Hosted by The Museum of the City of New York
The year 1919 witnessed some of the most violent and far-reaching developments in modern U.S. history. A massive wave of labor strikes mobilized a quarter of all American workers, but along with a wave of anarchist bombings, the strikes also generated an anti-leftist backlash that changed the trajectory of labor relations in the Roaring Twenties. At the same time, a string of bloody race riots involving black veterans, migrants, and homeowners in the North and South made racist violence a reality of urban life. And the infamous "Palmer Raids" (partly organized by a young J. Edgar Hoover) led to the deportation of hundreds of leftists, creating the basis for the FBI's decades-long obsession with the Left. Together, these traumatic events helped spell the end of the Progressive Era.
In this conversation, presented at the Museum of the City of New York (MCNY), four historians reflect on that tumultuous year in NYC and beyond: Steve Jaffe, curator of MCNY's City of Workers, City of Struggle exhibition, sets the stage with images documenting how the transition from World War I to peacetime made New York a flashpoint for conflicts over labor, radicalism, and immigration; Shannon King of Worcester College talks about black-white relations in NYC leading up to 1919 and the impact of the “Red Summer”; Beverly Gage of Yale talks about Hoover and the origins of modern domestic surveillance; and Vivian Gornick talks about the effect of the crackdown on the Left in the years that followed. Moderated by historian Ted Widmer.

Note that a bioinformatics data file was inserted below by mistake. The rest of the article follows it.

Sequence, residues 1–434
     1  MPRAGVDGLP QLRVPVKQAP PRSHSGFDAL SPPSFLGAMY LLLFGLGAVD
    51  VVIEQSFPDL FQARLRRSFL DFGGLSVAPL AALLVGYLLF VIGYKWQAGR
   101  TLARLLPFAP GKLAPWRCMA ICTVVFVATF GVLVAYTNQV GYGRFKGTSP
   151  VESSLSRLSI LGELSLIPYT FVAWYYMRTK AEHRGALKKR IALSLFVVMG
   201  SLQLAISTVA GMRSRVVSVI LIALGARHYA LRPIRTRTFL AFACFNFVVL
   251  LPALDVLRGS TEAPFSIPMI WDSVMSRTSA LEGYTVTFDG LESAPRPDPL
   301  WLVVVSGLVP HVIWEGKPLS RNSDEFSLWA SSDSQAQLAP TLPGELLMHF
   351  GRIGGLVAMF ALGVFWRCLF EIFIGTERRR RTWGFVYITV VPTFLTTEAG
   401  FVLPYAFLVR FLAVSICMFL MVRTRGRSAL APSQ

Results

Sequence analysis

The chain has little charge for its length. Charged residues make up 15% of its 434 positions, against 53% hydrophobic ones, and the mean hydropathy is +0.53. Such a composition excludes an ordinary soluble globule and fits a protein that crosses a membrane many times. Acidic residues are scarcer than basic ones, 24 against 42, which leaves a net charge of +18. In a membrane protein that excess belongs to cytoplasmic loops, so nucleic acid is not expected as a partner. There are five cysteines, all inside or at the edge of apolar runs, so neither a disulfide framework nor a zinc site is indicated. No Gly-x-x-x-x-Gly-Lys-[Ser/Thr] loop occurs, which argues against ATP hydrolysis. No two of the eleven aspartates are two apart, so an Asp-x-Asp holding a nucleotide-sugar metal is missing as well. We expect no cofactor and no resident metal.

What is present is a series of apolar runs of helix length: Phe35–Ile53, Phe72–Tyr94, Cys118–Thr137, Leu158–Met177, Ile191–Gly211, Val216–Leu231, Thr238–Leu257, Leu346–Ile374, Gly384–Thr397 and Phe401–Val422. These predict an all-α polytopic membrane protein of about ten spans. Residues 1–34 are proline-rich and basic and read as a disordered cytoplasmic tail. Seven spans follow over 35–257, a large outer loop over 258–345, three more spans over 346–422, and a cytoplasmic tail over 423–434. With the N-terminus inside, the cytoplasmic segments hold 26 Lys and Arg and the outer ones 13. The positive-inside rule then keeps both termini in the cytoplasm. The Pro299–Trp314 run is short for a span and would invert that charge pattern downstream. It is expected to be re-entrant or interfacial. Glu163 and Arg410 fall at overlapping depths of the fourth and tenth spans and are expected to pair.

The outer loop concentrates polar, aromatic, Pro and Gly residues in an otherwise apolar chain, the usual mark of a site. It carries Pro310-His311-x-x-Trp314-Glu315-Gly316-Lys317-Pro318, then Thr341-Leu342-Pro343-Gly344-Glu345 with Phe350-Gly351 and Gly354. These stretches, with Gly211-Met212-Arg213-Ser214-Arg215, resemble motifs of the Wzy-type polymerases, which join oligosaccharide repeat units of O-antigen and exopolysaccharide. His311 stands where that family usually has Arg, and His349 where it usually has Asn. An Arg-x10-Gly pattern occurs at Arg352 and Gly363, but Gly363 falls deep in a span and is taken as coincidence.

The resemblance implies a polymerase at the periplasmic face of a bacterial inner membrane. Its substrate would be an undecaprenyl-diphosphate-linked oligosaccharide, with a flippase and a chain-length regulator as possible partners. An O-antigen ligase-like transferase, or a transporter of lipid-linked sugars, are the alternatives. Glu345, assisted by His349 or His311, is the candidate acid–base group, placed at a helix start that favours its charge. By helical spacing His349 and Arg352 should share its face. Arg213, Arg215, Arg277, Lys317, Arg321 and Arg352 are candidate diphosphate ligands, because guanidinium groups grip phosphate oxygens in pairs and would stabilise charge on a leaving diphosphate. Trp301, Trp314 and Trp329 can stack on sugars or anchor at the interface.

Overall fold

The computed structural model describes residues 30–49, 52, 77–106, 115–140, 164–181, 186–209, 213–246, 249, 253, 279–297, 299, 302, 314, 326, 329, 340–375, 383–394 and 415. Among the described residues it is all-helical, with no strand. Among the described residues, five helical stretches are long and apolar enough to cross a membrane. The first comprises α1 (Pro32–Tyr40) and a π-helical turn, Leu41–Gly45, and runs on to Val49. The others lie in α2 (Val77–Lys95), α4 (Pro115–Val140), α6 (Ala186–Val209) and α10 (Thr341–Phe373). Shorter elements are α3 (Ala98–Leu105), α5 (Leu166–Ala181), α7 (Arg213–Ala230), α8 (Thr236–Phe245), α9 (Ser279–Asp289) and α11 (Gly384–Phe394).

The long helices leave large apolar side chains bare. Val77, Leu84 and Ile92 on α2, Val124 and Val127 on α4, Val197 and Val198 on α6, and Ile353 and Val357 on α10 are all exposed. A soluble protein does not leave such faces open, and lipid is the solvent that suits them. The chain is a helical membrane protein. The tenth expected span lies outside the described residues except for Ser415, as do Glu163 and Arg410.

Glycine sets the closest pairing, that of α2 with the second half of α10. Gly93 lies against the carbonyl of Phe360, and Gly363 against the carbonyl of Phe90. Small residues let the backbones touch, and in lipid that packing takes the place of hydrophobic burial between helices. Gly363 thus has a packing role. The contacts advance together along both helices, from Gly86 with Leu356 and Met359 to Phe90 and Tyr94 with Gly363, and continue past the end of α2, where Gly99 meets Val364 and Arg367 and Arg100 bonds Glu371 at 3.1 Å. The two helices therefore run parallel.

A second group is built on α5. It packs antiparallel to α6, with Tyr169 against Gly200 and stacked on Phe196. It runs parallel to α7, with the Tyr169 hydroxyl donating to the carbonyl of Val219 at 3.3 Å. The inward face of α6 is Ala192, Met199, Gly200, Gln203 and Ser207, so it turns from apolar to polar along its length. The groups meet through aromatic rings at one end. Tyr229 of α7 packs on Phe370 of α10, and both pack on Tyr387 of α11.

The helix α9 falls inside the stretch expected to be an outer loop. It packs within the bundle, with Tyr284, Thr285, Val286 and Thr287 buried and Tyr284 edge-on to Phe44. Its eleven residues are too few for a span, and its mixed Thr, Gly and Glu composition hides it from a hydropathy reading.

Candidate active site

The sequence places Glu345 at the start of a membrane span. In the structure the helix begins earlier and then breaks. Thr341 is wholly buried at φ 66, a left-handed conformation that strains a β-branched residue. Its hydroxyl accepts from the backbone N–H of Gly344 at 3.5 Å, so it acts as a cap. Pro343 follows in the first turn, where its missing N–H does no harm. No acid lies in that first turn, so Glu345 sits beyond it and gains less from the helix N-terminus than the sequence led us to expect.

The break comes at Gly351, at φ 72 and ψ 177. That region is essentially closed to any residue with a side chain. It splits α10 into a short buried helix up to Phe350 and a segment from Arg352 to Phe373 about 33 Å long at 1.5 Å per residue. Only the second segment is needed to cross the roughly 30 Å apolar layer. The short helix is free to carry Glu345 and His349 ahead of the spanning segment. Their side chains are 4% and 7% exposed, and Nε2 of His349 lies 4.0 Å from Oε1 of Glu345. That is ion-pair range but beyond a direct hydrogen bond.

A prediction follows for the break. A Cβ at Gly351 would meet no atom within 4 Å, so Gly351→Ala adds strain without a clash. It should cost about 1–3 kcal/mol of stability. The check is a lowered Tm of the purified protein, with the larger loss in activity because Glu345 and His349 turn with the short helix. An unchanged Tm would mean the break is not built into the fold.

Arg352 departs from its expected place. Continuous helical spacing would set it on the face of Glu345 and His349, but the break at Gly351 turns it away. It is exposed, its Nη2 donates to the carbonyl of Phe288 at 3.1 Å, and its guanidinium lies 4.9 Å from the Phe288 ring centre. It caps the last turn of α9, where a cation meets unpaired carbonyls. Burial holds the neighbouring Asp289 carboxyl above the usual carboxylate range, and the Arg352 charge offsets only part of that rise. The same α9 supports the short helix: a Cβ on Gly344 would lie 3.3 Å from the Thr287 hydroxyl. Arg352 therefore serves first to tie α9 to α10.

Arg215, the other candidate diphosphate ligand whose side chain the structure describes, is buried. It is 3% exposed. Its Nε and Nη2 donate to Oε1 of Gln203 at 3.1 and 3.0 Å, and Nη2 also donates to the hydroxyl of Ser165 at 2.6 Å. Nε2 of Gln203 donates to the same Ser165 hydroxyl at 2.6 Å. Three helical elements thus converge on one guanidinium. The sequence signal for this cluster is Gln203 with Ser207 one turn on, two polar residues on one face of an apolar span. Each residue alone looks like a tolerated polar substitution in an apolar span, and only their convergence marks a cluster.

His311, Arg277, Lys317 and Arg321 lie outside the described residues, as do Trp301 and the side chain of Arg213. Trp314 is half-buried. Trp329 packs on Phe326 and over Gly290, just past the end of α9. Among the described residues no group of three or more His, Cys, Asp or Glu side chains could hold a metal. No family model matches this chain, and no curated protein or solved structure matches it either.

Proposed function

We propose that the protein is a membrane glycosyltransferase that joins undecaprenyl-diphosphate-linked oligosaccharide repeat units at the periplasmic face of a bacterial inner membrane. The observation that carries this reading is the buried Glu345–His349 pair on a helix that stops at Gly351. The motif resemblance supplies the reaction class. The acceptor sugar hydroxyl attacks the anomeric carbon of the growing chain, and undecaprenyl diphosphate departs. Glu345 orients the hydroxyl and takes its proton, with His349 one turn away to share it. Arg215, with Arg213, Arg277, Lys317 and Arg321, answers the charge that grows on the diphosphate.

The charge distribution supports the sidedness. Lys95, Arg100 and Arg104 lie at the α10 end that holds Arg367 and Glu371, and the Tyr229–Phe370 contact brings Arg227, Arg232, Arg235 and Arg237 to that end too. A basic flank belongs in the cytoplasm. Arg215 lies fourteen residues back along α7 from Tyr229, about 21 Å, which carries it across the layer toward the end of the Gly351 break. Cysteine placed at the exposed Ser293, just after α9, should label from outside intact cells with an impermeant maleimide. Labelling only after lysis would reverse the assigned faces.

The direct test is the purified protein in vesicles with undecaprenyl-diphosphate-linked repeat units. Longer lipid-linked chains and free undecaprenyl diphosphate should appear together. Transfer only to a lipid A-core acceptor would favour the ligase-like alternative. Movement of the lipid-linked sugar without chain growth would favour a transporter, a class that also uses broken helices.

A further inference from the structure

RSVP here (use the discount code 1919 for the Member rate of $10)